The natural mineral clay rectorite (which contains aluminium, calcium, silicon and sodium) was modified by reaction with sodium pyrophosphate then tested at 10% in a waterborne PIN intumescent fire retardant coating, consisting of ammonium polyphosphate, melamine, titanium oxide and pentaerythritol. A 2 mm coating was applied to 5 mm steel plates by brush. The coatings were tested with a non-standard test method, using alcohol burning on the steel plates’ surface as the heat source for 60 minutes. With no intumescent coating, the back of the steel plates reached 200°C in 30 minutes, whereas the temperature with the intumescent coatings was around 20% lower. At 60 minutes, the control and the standard intumescent coating plate both reached around 225°C whereas the plate with the coating including modified rectorite only reached around 200°C. The authors conclude that this modified rectorite clearly improved the intumescent coating on steel, enabling generation of a more uniform and compact intumescent foam structure, giving a ceramic-like effect protecting the foam and improving adhesion to the steel plate.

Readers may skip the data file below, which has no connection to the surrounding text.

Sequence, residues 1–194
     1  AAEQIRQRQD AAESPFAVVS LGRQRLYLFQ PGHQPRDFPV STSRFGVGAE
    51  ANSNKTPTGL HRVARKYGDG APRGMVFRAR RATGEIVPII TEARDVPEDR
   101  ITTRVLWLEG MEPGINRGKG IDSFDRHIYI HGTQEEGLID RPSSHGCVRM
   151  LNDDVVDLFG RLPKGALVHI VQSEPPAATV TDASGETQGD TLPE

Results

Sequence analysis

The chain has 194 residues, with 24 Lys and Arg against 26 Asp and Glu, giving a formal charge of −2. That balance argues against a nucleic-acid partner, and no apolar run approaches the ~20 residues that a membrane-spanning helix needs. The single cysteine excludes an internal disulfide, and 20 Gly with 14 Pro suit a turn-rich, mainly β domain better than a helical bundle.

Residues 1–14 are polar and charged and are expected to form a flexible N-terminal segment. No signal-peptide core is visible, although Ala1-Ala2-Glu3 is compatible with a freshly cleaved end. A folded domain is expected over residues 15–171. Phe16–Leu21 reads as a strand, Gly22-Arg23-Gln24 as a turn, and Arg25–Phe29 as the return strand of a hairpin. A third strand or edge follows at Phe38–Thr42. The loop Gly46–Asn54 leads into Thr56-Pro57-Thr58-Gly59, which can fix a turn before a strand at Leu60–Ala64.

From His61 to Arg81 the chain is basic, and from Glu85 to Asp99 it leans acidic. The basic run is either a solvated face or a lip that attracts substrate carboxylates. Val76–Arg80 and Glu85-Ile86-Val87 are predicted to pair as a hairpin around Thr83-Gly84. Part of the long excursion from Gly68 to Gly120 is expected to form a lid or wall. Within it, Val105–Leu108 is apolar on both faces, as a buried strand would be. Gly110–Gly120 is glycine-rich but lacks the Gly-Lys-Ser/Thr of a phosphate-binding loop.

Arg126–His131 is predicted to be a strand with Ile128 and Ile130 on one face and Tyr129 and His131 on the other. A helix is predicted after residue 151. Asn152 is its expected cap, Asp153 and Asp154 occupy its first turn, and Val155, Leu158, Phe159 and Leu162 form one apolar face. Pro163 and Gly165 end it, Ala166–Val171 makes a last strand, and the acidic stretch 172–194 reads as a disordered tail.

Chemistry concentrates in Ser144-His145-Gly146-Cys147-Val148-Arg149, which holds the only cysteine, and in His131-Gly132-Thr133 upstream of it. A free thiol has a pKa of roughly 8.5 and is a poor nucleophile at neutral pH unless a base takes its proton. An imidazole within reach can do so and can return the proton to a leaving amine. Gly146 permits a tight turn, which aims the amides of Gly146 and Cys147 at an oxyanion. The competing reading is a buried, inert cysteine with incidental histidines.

“An emerging mineral-based composite flame retardant coating: Preparation and enhanced fireproof performance”, W. Xie et al., Surface & Coatings Technology 367 (2019) 118–126 https://doi.org/10.1016/j.surfcoat.2019.03.073
See also the summary of UL fire testing of upholstered furniture in pinfa Newsletter n°102